This certainly didn’t help England’s scoring rate. Ed Joyce was the only batsman to get past twenty. New Zealand fielded much better then they did in Sydney with Gillespie’s catch the highlight. Bond came back to finish the game, taking his 100th wicket in just his 55th match, and New Zealand’s large contingent of fans in the outer celebrated in style.

Speaking as a spectator, it was a nice evening out. I rather enjoy going to these ‘neutral’ games because since my team is not playing, I’m not that emotionally invested in the outcome, and therefore I can enjoy the cricket as it happens. But I have to say it- England were indeed woeful.

England vs New Zealand, and I’m not going

The New Zealanders are bringing back Jacob Oram and Kyle Mills. But Shane Bond isn’t yet fit. With the greatest respect to Oram and Mills, I’m not shelling out money to watch them.

Anyway, chat away yonder, my merry readers. An England victory here would be a great leap forward towards them making the finals.

UPDATE – Oh, Bond’s been included. New Zealand are batting first, so I might wander along after all.

South Africa v New Zealand, Centurion, 2nd day

I had little enthusiasm for this game today. Waking up at 7am on Easter Sunday is hard enough. But as it turned out, it was a bloody excellent day’s cricket – if only to see the boks struggle! I do love seeing them in strife, and I really don’t know why, but partly due to my New Zealand ancestry I guess. Jacob Oram hit a magnificent century – on his comeback Test, too. More thoughts over at Cricinfo.

Justin Langer’s hundred verus New Zealand

An excellent hundred, albeit against a New Zealand team in decline. Their “attack” doesn’t stand up to much, especially against one of the best batting lineups in the last 20 years.

Langer recorded his 20th Test Century – a very special achievment, joining The Elite; Ponting, Inzy, Richards, Boon, Boycott, Tendulkar, Gavaskar….Lara, of course. To name but a few.

[These snippets via Cricinfo]

On the heat
I feel pretty good and we’re in a pretty good position. I started cramping – I tend to do that at Adelaide – after lunch and that probably affected my concentration. But that went away and I felt pretty good.

On the century
I don’t think it’s one of my best. Besides the first couple of overs and a couple with the second new ball, it was a gritty innings. But my balance was really good because footwork is one area of my game that I’ve had to improve over the last 12 to 18 months.

On it being his 20th hundred
Statistics are a really funny thing in cricket. When you are playing the game they mean a lot. I spoke to Tugga [Steve Waugh] a couple of months ago and he said that in retirement statistics mean nothing. While I’m playing and getting paid to score runs it means I hopefully get a game next week.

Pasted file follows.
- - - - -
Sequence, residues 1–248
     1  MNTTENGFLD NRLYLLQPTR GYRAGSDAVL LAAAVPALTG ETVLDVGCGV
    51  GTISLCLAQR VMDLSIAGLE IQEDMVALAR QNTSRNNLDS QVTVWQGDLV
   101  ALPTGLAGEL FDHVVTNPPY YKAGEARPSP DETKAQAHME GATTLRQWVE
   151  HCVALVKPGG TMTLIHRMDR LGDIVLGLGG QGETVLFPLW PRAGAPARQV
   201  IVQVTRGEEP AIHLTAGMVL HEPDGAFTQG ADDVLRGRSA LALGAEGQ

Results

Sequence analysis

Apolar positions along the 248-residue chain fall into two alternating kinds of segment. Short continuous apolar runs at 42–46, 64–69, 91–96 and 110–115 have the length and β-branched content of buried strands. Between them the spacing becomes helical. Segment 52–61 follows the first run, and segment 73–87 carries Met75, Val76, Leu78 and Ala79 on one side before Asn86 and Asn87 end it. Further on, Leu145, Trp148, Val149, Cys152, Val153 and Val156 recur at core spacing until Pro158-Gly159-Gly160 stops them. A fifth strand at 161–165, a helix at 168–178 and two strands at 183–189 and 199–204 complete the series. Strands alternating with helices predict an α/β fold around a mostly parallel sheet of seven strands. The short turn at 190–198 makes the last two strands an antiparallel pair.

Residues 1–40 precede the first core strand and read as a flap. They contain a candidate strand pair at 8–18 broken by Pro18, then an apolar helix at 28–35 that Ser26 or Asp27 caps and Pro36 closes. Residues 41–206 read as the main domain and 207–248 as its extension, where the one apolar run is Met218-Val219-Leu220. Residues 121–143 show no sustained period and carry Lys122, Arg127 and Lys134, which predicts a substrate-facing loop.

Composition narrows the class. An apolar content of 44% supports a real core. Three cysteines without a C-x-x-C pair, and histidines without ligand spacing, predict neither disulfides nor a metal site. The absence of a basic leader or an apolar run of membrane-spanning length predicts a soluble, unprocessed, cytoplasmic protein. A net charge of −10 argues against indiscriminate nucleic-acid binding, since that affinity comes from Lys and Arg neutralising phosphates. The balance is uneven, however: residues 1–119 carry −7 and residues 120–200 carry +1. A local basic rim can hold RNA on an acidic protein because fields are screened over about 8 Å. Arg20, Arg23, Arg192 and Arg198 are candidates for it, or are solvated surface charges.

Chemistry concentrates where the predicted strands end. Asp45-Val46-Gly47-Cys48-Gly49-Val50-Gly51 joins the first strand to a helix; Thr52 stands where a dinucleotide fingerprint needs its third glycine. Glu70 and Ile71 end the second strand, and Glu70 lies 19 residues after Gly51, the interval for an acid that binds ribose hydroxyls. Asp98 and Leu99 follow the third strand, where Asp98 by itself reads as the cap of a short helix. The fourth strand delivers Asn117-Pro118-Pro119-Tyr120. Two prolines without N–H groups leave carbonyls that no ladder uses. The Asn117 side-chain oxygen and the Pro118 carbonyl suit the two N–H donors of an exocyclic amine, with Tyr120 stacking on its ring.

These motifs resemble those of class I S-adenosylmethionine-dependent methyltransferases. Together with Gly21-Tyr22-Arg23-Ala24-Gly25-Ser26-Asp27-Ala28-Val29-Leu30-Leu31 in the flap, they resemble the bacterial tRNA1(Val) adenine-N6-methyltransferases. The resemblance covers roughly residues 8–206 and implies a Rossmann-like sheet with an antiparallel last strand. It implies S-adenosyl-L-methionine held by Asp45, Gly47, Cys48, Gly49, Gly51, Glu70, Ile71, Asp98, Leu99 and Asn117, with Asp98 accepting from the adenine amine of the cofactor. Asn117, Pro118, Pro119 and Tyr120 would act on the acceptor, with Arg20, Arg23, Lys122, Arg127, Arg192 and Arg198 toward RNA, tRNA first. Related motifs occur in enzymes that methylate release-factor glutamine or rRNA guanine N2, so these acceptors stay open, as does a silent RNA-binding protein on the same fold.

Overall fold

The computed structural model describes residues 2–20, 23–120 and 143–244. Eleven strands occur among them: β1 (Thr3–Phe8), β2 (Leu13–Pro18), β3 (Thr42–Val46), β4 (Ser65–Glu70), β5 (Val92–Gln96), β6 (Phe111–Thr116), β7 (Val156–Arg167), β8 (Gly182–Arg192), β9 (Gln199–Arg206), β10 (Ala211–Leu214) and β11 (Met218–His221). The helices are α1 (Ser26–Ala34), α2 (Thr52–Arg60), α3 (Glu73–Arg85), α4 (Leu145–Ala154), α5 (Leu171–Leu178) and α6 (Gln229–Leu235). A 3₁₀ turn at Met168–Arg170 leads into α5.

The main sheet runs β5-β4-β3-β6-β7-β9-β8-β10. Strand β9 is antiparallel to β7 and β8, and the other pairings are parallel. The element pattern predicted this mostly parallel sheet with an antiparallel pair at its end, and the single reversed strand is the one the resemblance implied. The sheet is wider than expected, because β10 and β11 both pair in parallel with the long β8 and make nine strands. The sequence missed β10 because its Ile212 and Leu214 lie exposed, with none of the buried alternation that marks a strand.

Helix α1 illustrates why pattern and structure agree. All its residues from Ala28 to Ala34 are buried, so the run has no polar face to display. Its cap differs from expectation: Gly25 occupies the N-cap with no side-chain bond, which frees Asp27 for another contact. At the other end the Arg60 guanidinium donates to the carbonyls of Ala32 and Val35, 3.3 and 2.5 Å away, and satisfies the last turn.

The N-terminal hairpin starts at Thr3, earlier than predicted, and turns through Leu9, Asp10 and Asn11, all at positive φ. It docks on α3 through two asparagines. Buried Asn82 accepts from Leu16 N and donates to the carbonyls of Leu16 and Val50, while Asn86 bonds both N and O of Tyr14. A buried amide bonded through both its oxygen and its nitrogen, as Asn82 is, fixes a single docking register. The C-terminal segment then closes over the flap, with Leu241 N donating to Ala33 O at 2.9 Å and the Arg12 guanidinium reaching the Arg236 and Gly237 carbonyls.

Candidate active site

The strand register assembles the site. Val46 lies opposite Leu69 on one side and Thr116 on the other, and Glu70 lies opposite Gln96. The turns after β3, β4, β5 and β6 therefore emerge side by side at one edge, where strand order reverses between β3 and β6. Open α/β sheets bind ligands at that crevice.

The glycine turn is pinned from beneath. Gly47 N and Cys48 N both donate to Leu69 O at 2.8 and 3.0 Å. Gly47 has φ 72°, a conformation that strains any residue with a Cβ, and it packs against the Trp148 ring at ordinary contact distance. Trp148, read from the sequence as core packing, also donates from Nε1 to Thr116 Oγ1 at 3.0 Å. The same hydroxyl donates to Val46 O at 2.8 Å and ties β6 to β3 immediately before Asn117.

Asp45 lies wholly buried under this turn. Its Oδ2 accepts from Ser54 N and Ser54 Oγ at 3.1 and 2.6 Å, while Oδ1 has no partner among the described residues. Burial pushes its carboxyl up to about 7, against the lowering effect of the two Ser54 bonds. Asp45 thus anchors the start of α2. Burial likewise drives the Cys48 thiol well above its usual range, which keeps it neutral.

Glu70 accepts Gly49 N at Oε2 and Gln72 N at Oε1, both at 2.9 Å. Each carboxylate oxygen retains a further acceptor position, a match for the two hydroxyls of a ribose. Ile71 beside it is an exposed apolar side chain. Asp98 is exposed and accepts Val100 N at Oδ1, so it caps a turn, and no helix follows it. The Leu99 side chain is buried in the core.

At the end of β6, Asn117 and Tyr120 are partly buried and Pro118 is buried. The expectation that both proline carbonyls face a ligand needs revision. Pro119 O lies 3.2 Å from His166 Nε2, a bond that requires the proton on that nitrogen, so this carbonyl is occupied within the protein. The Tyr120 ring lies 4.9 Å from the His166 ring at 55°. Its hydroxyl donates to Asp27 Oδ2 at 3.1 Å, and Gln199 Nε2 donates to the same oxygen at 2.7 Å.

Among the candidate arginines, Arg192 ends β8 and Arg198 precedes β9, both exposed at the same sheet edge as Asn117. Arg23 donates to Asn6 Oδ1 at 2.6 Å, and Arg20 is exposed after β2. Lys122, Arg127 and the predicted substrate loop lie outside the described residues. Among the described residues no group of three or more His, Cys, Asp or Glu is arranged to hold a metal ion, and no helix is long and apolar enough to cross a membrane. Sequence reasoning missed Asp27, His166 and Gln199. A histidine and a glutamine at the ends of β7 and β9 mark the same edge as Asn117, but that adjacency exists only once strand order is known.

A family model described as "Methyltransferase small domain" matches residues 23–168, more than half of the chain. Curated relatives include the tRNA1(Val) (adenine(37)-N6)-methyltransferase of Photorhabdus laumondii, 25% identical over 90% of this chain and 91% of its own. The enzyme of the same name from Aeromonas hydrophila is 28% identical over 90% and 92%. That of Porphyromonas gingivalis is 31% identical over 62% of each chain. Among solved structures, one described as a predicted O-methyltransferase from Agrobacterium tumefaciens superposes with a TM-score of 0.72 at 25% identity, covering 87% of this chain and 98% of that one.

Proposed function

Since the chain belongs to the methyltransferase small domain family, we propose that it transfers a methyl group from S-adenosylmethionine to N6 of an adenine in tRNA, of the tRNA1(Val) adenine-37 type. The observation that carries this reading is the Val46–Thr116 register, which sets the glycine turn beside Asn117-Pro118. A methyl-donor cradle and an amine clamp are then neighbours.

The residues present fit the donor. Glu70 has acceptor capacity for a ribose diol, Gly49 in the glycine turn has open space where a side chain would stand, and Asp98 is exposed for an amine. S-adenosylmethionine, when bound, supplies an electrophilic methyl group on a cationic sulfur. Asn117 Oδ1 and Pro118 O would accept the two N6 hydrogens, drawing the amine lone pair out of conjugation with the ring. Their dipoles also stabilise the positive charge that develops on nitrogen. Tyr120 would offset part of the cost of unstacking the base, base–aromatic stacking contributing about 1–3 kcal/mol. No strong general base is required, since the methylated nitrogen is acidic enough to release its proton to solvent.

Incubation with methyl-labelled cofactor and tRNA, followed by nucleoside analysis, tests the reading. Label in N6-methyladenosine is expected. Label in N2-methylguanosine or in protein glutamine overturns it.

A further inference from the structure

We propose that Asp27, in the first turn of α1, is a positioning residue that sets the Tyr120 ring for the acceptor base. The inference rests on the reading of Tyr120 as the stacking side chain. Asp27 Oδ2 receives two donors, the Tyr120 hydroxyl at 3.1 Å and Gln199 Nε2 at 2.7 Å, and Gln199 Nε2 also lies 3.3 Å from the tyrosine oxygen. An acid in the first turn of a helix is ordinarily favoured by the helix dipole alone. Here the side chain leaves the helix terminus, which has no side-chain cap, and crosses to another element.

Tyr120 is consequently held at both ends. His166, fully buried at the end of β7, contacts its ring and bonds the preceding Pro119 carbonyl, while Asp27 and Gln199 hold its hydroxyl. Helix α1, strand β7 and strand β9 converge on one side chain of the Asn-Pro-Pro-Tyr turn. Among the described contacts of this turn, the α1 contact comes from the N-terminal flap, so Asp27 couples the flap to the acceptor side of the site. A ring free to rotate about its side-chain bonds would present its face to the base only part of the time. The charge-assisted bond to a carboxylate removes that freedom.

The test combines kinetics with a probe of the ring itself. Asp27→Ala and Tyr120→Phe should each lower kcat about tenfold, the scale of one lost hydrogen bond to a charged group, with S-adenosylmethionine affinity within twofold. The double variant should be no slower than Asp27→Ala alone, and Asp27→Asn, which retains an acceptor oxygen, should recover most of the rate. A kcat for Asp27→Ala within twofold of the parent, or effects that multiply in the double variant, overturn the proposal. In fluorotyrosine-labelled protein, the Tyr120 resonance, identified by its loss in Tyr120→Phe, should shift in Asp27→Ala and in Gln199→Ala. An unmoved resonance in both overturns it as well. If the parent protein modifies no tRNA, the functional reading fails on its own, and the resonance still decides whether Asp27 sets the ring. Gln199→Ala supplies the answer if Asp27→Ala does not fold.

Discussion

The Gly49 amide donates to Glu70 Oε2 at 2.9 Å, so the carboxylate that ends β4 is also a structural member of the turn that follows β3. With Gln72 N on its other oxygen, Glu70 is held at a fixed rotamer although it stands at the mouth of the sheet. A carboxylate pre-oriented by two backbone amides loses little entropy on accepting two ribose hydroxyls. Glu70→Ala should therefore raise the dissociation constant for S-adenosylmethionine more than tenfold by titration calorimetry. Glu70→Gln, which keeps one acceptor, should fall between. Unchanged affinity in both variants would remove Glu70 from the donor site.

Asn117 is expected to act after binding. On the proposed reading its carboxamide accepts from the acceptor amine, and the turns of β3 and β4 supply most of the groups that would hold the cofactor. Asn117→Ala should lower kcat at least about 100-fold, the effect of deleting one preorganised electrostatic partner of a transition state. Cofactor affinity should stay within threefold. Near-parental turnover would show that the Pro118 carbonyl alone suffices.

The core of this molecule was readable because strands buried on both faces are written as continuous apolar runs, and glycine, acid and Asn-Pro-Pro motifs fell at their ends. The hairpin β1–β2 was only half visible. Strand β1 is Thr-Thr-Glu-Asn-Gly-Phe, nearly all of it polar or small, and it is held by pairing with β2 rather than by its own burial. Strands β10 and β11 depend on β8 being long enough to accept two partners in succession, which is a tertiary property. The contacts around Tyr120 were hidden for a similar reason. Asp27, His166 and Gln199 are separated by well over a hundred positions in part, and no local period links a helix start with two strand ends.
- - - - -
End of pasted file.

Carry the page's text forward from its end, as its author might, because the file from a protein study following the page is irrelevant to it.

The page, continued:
On the pitch
It’s a very good wicket and is actually getting more carry than I’ve seen before. I’m not sure it’s going to get up and down. We’re going to have to give ourselves plenty of time to get 20 New Zealand wickets.

On Hayden’s caught-and-bowled
It was a big banging double noise so he must have thought that he’d thumped it into the ground. He was probably hoping it was a bump ball because he was starting to hit it pretty well. I thought it was out.

On using the third umpire for a catch
I’m not saying it was obvious, but it looked to me that it was it probably out. The umpires did the right thing. If the technology is there they might as well use it.

On New Zealand’s performance
They fought hard all day. Jacob Oram is an outstanding cricketer to bowl that economically on that track. Chris Martin runs in hard all day and hasn’t had that much luck, but definitely has the spirit.

On their mood in the field
They were a bit quiet, but I’m not sure how they play. They had a tough week last week, it was 38 degrees or so, they lost the toss on a good wicket. They did an admirable job.

On his run-burst in the first two overs
I keep telling Haydos that he’s the blocker and I am the aggressor. I can’t believe he’s playing one-day cricket and I’m not. [The rooms laughs loudly] He knows how I feel about this.

Australia v New Zealand

Well, the kiwis started well, didn’t they? Thanks to Oram’s hundred. But sadly, for most of world cricket followers, Australia fought back and bit the arse of NZ quite badly.


They seem to have uncovered another young batsman who looks as if he’s been playing Test Cricket for a couple of decades, Michael Clarke. He looks bloody good.

Jacob Oram’s hundred v Australia

Any hundred is an achievment in this game. Any hundred against Australia is a seriously good achievment. Oram did just that, but it was a better hundred than it looks on paper. New Zealand were in some strife when he came in, so on top of his making a hundred, he made it under some big pressure. Gutsy innings and great to watch. As soon as he’d made it, next ball he carved into Kasprowicz with a huge six over long on, a 4 through exta-cover and 2 more in another over. Fantastic entertainment